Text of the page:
Adonis Diaries

Archive for the ‘professional articles’ Category

Evolution theory was known long time before Darwin.

Darwin collected data before coming forward with his knowledge.

The same case with Euler who had Not a shadow of doubt that planet trajectories were elliptical. He still plugged in for years to gather the necessary data to come forward with his proof.

Many scientists start with an intuition and end up retaining the data that match their hypothesis. The common people have to wait for other kinds of scientists to analyse all the data and start a paradigm shift that discard the traditional knowledge.

Un érudit musulman a eu l’idée de l’évolution 1000 ans avant Darwin

Deux pages du Livre des Animaux d'al-Jahiz

Charles Darwin est le père de la théorie de l’évolution, mais avez-vous entendu parler du scientifique irakien Al-Jahiz ?

L’histoire de la théorie de l’évolution remonte loin dans le monde musulman.

La théorie de l’évolution du scientifique britannique Charles Darwin est l’une des pierres angulaires de la science moderne.

L’idée que les espèces changent progressivement au fil du temps grâce à un mécanisme appelé sélection naturelle (adapting to the environment) a révolutionné notre compréhension du monde vivant.

Dans son livre de 1859, De l’origine des espèces, Darwin définit l’évolution comme une “descente avec modification”, démontrant comment différentes espèces émergent d’un ancêtre commun.

Mais il semble que la théorie de l’évolution elle-même ait aussi un ancêtre dans le monde islamique.

La sélection naturelle

Environ 1000 ans avant que Charles Darwin n’écrive un livre sur la façon dont les animaux changent par un processus qu’il appelait “sélection naturelle”, un philosophe musulman vivant en Irak, qui s’appelait Al-Jahiz l’avait déjà précédé.

De son vrai nom Abu Usman Amr Bahr Bahr Alkanani al-Basri, l’histoire se souvient de lui par son surnom, Al-Jahiz, qui signifie quelqu’un dont les yeux semblent sortir de leur orbite.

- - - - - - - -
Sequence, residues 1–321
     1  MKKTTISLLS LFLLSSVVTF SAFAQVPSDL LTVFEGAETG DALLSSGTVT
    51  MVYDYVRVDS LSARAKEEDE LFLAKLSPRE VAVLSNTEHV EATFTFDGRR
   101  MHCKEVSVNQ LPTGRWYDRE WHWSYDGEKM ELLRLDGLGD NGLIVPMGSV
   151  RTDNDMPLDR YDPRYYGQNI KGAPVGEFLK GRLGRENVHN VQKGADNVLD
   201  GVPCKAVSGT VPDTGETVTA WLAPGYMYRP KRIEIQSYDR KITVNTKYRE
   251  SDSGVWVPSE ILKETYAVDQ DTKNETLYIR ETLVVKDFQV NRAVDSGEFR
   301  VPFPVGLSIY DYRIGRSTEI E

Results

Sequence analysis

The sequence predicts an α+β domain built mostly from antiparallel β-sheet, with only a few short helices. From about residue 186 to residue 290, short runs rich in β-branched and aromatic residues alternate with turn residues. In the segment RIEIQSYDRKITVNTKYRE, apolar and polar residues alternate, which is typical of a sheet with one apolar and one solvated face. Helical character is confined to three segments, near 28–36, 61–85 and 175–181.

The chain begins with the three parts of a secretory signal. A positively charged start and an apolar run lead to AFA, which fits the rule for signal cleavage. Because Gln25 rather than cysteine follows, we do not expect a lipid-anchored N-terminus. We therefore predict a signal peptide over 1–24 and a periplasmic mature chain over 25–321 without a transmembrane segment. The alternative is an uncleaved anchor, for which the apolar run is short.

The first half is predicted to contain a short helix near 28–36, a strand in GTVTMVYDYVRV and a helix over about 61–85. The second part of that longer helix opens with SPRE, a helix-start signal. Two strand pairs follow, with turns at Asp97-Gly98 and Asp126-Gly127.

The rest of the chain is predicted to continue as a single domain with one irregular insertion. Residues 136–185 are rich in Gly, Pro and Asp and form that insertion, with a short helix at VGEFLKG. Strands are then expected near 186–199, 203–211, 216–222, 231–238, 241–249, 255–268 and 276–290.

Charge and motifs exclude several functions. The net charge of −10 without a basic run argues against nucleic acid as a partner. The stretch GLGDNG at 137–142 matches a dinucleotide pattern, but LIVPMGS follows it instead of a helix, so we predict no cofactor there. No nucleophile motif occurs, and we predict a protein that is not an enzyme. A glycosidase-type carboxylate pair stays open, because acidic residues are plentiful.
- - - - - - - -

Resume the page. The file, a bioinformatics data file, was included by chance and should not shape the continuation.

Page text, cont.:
Timbre représentant le penseur musulman al-Jahiz

Ce n’est pas la façon la plus gentille d’appeler quelqu’un, mais la renommée d’Al-Jahiz perdure grâce à son livre fondateur, Kitab al-Hayawan (Le Livre des animaux).

Il est né en 776 après J.-C. dans la ville de Bassorah, au sud de l’Irak, à l’époque où le mouvement Mutazilah, (Mo3tazalat) une école de pensée théologique qui prônait l’exercice de la raison humaine, gagnait du terrain dans la région.

C’était le sommet de la domination abbasside.

Des travaux de savants ont été traduits du grec à l’arabe et de puissants débats sur la religion, la science et la philosophie ont eu lieu à Bassorah, façonnant l’esprit d’Al-Jahiz et l’aidant à formuler ses idées.

Le papier a été introduit en Irak par des commerçants chinois, ce qui a stimulé la diffusion des idées et le jeune Al-Jahiz a commencé à écrire sur une variété de sujets.

Ses intérêts couvraient de nombreux domaines académiques, y compris la science, la géographie, la philosophie, la grammaire arabe et la littérature.

On pense qu’il a produit 200 livres au cours de sa vie, mais seulement un tiers d’entre eux ont survécu jusqu’à notre époque.

Portrait de Charles Darwin

Le Livre des Animaux

Son œuvre la plus célèbre, The Book of Animals, est conçue comme une encyclopédie présentant 350 animaux, dans laquelle Al-Jahiz présente des idées qui ont une ressemblance frappante avec la théorie de Darwin sur l’évolution.

“Les animaux s’engagent dans une lutte pour l’existence et pour les ressources, pour éviter d’être mangés et pour se reproduire”, écrit Al-Jahiz, “les facteurs environnementaux influencent les organismes à développer de nouvelles caractéristiques pour assurer leur survie, les transformant ainsi en de nouvelles espèces”.

Il ajoute : “Les animaux qui survivent pour se reproduire peuvent transmettre leurs caractéristiques à leur progéniture.”

Il était clair pour Al-Jahiz que le monde vivant était en lutte constante pour sa survie et qu’une espèce était toujours plus forte qu’une autre.

La couverture du magazine satirique français La Petite Lune en 1871

Pour survivre, les animaux devaient avoir des caractéristiques compétitives pour trouver de la nourriture, éviter de devenir eux-mêmes la nourriture de quelqu’un d’autre et se reproduire.

Cela les a forcés à changer de génération en génération.

Les idées d’Al-Jahiz ont influencé d’autres penseurs musulmans qui lui ont emboîté le pas.

Son travail a été lu par des gens comme Al-Farabi, Al-Arabi, Al-Biruni et Ibn Khaldoun.

Le “Père spirituel” du Pakistan, Muhammad Iqbal, également connu sous le nom d’Allama Iqbal, observe l’importance d’Al-Jahiz dans son recueil de conférences publié en 1930, écrivant que “c’est Al-Jahiz qui a souligné les changements dans la vie des animaux à cause des migrations et des changements environnementaux”.

Théorie mahométane (Muslim theory)